The development of the 360° Panoramic Optic for Photographic Intersection
The productivity of using photography as a measurement tool really manifested itself in 1973 when I was required to map Annesley Hall (north of Nottingham) in its entirety at a scale of 1:50. The building was a myriad of rooms. There was a cellar and four floors with mezzanine floors between and the roof space and roofscape to map. The nature of the building meant that the rooms were not rectangular and the walls were not parallel. Also, there were many hidden spaces including priest holes and a completely sealed off room above the main entrance. It was also a requirement to map the facades and for this Close Range Photogrammetry using the recently acquired Wild P32 camera proved to be an efficient and productive method. To tie the rooms together I used a technique which was considered controversial at the time. I traversed through the building using a Wild T2 and Wild DI10, but most of the measurements were made by tape and using tools that I had to specially develop for the task. As the use of photography proved such an efficient method for mapping the external walls, perhaps there was a solution involving photography to make the task of measuring each and every room less labour intensive and laborious.
My first thoughts were to use a fish-eye on camera on its back so that the image surface (film plane) was horizontal. Such lenses produce tremendous distortions in the image, but with the film plane horizontal, all the rays from the centre point to features around the rim of the image are true. With the camera at a know location all the angles to the points of interest would be the same as if measured with a theodolite. At that time the plotting of detail measured by theodolite was done by placing a large protractor under the plotting trace at the point representing the Theodolites location and orientating it to another identifiable point. The image from the fish-eye lens could be used in the same way. The intersection of rays from different images taken at different locations would plot the points of interest in exactly the same way as in Plane Table surveying. Using a photographic solution meant that all the detail on the room was capture at one time so that if additional detail needed to be plotted, this could be done without having to revisit the site. However, this idea had one major drawback, all the information was compressing into a narrow band around the perimeter of the image making it very difficult to interpret. Also, getting the exposure right, especially outdoors, can be tricky.
The principle was there and this lead to my invention of the conical mirror or conical prism. This provided a distorted image, but one in which all the points of detail were radial from the centre of the image. The images produced from such a device could be used in the same way as those from a fish-eye lens, but it is also possible to calibrate the image so that the radial distance from the centre could be used to calculate the vertical angle above and below the horizon to calculate heights. I was granted a Patent for this invention in 1975, but being of very limited funds I let this lapse when the laws were changed in the early 1980s and the annual fees increased dramatically. The patent process was itself challenging as I was then working in remote locations in Malawi on a road project so the only means of communication was by air mail post on the occasions that I visited town. Even more challenging was trying to construct such a device. I proved the concept to my own satisfaction by placing prisms on the filter in front of a camera lens. The angle of acceptance of the device is a function of the angles used in its construction together with the angle of acceptance of the lens being used, which in turn is dependent of the focal length of the lens and the image format. Before a device can be constructed it is therefore necessary to decide on which lens it is to be used with. This is further complicated by the fact that the section rotated through 360° does not have to be made up of straight lines, as shown in the patent drawings. If a conical mirror is to be constructed the line representing the mirrored surface can be straight, convex or concave, and if a prism is to be the end result the all three sides of the triangle can be straight, convex or concave.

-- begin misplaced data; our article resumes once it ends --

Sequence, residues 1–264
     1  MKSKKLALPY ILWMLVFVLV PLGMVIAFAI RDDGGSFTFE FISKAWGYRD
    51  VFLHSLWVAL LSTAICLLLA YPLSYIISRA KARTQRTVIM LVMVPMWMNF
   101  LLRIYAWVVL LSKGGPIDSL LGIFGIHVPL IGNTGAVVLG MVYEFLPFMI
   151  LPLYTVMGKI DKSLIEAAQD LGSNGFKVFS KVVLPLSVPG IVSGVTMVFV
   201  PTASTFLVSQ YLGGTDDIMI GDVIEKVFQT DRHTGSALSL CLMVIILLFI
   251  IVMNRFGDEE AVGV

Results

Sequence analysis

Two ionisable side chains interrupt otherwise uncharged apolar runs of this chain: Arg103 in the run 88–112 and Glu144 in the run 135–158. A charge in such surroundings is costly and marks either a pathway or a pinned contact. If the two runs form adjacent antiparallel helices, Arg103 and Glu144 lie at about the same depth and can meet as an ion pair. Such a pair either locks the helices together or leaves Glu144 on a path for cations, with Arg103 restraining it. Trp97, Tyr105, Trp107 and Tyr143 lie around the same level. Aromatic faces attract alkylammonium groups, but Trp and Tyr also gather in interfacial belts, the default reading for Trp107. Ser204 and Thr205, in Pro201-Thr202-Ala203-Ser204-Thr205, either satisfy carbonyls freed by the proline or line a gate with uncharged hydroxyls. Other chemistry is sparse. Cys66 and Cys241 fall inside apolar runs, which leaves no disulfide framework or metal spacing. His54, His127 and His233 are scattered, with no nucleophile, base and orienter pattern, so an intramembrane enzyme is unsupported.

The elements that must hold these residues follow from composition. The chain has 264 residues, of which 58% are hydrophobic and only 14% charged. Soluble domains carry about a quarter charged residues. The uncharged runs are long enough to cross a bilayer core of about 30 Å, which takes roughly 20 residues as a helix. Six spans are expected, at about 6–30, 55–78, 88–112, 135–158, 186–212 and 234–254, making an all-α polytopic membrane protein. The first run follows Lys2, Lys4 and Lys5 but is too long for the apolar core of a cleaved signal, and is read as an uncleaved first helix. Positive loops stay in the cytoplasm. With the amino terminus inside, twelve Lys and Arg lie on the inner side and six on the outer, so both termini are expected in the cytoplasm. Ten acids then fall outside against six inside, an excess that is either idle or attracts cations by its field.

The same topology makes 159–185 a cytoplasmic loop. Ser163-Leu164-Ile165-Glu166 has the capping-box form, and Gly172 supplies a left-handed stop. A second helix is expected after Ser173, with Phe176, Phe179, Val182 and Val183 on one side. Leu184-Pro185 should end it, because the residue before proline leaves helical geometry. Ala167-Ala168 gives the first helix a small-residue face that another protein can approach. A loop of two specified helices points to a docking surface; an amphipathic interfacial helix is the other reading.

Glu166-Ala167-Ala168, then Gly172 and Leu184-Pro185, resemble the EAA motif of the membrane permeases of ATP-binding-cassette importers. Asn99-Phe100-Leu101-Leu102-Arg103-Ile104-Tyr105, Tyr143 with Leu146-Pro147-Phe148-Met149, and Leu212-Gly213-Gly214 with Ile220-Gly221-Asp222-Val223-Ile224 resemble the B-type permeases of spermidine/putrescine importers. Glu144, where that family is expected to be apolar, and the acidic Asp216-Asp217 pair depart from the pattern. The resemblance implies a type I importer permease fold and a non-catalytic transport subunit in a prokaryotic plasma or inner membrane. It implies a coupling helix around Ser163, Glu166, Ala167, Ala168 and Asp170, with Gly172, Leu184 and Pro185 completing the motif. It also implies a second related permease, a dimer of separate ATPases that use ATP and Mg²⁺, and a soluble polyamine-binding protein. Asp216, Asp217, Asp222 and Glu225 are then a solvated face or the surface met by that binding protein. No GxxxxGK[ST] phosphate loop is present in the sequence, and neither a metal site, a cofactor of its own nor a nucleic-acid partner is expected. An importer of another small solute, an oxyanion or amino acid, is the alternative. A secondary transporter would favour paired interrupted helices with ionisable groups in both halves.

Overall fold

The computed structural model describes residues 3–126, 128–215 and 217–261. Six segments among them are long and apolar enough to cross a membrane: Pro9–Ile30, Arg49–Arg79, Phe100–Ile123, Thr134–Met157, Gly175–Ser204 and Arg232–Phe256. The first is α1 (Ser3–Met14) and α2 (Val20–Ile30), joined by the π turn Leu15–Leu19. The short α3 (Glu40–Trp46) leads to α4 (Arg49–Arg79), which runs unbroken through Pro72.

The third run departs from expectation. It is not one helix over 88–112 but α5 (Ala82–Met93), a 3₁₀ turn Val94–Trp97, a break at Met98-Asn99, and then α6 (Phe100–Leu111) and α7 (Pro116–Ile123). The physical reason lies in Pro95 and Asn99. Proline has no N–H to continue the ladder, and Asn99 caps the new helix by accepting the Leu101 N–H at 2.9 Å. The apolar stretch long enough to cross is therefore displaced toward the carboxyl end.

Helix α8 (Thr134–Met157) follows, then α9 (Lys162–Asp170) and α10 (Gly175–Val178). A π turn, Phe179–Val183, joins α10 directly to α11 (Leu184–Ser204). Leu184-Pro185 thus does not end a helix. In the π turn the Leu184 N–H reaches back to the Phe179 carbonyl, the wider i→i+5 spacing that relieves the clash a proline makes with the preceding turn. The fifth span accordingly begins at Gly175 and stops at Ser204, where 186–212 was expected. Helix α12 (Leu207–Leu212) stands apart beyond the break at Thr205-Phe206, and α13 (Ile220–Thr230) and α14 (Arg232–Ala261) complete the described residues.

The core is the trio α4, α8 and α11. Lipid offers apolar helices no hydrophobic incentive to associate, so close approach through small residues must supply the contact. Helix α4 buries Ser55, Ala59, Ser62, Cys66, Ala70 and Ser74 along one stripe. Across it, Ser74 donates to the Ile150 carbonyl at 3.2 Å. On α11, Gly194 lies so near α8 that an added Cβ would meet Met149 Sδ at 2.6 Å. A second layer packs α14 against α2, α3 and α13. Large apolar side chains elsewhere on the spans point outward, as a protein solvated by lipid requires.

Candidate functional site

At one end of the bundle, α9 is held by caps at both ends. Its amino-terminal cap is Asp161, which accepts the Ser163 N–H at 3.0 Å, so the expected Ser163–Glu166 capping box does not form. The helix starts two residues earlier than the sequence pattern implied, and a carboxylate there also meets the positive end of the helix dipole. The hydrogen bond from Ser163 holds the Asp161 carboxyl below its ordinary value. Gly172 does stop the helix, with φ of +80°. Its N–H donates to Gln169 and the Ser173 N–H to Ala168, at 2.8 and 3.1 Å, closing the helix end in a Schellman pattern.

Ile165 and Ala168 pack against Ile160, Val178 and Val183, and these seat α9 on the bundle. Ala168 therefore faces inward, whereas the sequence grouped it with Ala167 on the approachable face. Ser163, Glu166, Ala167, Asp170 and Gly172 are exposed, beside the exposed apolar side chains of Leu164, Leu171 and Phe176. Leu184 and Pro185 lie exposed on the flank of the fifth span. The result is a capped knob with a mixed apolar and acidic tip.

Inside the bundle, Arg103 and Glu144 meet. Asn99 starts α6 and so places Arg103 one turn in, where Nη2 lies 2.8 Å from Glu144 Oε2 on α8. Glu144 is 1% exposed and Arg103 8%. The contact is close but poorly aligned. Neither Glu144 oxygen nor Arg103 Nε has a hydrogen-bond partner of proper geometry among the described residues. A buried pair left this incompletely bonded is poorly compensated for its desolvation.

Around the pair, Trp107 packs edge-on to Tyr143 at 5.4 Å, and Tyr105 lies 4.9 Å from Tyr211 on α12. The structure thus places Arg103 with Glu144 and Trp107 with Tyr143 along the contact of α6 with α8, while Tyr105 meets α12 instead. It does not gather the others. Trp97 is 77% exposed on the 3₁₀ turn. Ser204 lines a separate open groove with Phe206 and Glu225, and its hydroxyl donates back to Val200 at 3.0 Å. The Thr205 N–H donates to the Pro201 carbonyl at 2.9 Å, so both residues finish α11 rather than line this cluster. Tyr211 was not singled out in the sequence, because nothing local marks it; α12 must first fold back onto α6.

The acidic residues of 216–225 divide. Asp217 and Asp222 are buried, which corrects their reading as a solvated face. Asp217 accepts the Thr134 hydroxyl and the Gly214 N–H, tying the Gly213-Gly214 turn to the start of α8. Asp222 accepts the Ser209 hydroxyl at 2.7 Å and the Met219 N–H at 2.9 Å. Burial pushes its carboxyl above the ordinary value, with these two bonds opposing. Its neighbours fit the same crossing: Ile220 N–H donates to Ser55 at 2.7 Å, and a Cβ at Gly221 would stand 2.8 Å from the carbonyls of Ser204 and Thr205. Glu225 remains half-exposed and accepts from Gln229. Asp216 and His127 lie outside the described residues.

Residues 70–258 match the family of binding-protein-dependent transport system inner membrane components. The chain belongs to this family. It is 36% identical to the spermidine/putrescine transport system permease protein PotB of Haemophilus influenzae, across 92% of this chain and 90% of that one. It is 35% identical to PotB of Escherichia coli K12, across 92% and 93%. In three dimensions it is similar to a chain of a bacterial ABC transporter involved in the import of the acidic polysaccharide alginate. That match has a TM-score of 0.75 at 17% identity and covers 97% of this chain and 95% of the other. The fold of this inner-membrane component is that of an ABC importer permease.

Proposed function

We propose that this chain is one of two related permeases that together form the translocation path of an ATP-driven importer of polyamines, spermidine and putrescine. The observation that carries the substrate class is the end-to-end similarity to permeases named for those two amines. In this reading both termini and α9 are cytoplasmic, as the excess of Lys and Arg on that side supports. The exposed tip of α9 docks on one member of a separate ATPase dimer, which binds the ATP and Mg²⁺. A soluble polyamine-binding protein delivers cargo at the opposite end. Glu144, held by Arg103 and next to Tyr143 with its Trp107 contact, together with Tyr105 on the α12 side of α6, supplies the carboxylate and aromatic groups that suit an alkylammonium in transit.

In the 19070s the personal computer was science fiction, but with today’s technology the circular images could be digitised and the points calculated on the computer. However, the need for these specialised images has been nullified by the power the computer as the same results can be achieved with ‘conventional’ images if we know their location and orientation in space, but I still feel that being able to capture a full 360° panoramic image in an instant has its advantages.
Visit Hugh’s world of panoramas …
A site that is being developed to relate specifically to panoramic photography to show the potential of this media and how it is able to convey much more than words or single images.
If a picture is worth a thousand words then a panorama must be worth ten thousand, especially a 360° (or spherical) panorama where you can look all around and in any direction you wish to.